ST. LOUIS, Nov. 30, 2018—The Saint Louis Art Museum will present “Southwest Weavings: 800 Years of Artistic Exchange,” an exhibition of 13 outstanding textiles from the United States and Mexico.
Created by indigenous Diné (Navajo) and Pueblo artists, as well as Spanish colonial weavers, these works reflect centuries of migration, exchange and territorial conflict in the borderlands. The free exhibition opens Dec. 14 and runs through May 5, 2019 in Gallery 100.
“Southwest Weavings” focuses on Diné work from the 19th century, a period of distinction and innovation in Southwestern textile arts.
A highlight of the exhibition is a wider-than-long wearing blanket, or manta, which functioned as outerwear. In this blanket, bold stripes in natural wool tones—browns, blacks and creamy whites—are balanced against bands of rich red. Diné weavers won acclaim for large blankets such as this by the early 19th century, when they circulated widely through Native trade routes as well as trade fairs in northern New Spain.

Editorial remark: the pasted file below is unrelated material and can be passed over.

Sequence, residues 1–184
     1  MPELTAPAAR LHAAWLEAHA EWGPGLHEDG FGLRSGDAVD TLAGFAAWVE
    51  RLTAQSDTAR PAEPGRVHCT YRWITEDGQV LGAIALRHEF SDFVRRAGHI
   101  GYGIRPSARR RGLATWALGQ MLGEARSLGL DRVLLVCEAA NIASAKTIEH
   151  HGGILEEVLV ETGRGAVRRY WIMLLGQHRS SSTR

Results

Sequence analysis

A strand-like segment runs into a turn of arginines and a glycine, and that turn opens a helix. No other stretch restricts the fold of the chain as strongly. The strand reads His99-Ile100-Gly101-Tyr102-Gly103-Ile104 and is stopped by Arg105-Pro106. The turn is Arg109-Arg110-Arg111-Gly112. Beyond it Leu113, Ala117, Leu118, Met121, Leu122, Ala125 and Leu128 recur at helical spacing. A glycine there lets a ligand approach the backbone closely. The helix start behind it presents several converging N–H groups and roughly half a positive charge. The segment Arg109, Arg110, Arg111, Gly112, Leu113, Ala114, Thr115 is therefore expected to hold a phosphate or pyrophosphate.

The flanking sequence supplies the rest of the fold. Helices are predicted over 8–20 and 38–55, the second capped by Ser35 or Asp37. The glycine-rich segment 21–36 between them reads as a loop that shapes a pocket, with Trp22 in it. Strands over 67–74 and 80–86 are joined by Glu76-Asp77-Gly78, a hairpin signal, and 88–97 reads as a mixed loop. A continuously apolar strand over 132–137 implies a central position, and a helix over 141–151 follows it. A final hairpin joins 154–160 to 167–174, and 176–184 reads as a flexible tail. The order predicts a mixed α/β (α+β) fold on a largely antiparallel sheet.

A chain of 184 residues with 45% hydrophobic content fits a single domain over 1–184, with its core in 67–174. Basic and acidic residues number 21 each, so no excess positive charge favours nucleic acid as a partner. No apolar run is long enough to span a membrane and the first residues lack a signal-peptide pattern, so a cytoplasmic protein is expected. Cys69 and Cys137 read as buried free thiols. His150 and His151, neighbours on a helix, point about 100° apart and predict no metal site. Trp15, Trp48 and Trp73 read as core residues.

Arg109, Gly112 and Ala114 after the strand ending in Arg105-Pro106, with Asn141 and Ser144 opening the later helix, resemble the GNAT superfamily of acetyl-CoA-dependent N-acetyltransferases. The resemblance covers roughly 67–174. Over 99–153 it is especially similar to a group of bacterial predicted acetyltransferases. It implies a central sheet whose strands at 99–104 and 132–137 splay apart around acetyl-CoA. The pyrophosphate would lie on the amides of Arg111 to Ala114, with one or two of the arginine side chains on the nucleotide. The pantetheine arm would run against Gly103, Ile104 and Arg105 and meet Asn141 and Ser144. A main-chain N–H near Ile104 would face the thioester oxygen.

Works from the second half of the 19th century showcase Diné weavers’ considerable experimentation with materials and design. After the United States expanded to territorial New Mexico and Arizona, trading posts and rail lines began to link the Southwest with cities in the Midwest and Northeast, bringing new materials such as pre-spun wool yarns dyed with early synthetic colors. Diné artists wove these yarns in buzzing polychrome designs, often achieved on a small scale. By the 1890s, Diné weavers began to produce rugs as home décor.
The exhibition draws from a group of Southwestern textiles St. Louis collectors Paul and Elissa Cahn generously gave to the Museum. “Southwest Weavings” is curated by Alexander Brier Marr, assistant curator for Native American art.
CONTACT: Matthew Hathaway, 314.655.5493, email@example.com